Novartis to sell influenza vaccines business to CSL for US$275m


Non-influenza business of Novartis Vaccines is being bought by GlaxoSmithKline, as announced in April

Novartis has agreed to sell its influenza vaccines business to CSL Limited (CSL) of Australia for US$275m.

The deal requires regulatory approvals and is expected to close in the second half of 2015.

The Swiss company said in April that it would sell its non-influenza vaccines business to GlaxoSmithKline for $5.25bn plus potential milestone payments of up to $1.8bn and royalties.

CSL has more than 40 years of experience in the influenza vaccines business and operates in 27 countries with more than 13,000 employees worldwide. In addition to vaccines, the company has established businesses in plasma-driven therapies, pharmaceuticals, antivenoms and immunohaemotology.

'In CSL, we have found not only an owner for the influenza business that shares our commitment to protecting public health, but also a strong growth platform for the business and our associates,' said Joseph Jimenez, CEO of Novartis.

The acquisition will create the second-largest vaccines company in the global influenza industry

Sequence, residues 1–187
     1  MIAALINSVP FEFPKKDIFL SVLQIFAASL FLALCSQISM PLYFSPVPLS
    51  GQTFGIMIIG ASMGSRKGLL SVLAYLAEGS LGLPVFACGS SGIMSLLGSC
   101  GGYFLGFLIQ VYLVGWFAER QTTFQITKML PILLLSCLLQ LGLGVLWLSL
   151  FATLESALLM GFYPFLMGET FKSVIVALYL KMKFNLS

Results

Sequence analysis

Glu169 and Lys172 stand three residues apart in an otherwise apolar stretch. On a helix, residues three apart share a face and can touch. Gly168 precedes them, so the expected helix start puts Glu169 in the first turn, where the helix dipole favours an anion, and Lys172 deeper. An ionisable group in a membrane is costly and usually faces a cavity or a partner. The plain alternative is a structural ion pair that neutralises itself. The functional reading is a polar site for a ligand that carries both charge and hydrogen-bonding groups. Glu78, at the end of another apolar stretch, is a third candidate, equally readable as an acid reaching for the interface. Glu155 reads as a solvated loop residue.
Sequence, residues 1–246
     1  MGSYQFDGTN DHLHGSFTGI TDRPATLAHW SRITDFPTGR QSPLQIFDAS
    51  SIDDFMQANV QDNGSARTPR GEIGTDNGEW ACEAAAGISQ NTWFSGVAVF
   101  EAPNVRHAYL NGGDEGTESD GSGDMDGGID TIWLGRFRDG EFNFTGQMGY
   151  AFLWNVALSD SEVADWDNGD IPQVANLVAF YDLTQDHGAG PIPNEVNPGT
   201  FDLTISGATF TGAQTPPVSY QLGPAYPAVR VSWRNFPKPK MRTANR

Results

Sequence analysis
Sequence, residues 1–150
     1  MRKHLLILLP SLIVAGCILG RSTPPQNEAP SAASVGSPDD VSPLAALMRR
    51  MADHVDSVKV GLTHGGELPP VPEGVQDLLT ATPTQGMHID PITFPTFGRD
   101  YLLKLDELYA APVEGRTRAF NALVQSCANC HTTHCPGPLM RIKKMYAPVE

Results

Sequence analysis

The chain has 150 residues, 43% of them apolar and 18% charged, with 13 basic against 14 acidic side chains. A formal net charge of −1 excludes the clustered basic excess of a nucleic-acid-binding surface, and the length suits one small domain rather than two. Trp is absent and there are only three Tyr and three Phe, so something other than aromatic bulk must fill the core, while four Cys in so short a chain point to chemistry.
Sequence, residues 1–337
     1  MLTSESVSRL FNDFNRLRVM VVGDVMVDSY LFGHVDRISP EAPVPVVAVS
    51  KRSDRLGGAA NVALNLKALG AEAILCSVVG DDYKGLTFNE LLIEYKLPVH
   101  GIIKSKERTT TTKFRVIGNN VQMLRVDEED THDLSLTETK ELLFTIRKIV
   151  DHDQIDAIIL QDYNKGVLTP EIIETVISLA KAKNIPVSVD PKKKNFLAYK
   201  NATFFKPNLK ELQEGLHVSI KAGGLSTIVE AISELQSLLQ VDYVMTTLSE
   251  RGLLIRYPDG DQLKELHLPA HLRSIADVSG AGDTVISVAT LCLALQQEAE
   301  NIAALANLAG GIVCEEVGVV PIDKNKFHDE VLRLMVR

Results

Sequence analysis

The Australian company will combine the Novartis influenza vaccines unit with its subsidiary, bioCSL, which is based in Parkville, Melbourne, Victoria.

CSL said the acquisition would create the second-largest vaccines company in the global influenza industry with manufacturing plants in the US, UK, Germany and Australia.

Novartis, like bioCSL, is currently transitioning its three-strain (trivalent) influenza vaccine brands to four-strain (quadrivalent) formulations through a multi-year clinical programme. This includes an adjuvanted influenza vaccine for both elderly and paediatric populations.

'This will transform bioCSL’s existing influenza vaccine business, giving us first class facilities, global scale and product and geographical diversity,' said bioCSL’s General Manager, John Anderson.

The combined business will continue to in-license and distribute a broad range vaccines and specialist pharmaceuticals, and produce blood typing reagents for local use. It will also continue to manufacture anti-venoms and Q fever vaccine as the world’s only supplier of these uniquely Australian medicines.

'While the global scope of our business will expand significantly, bioCSL remains committed to the reliable and timely supply of vaccines and pharmaceutical products in Australia,' Anderson said.

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Novartis said it remains committed to the influenza business during the transition period until the deal is completed and will honour agreements with customers, research and development for influenza vaccines and product launches.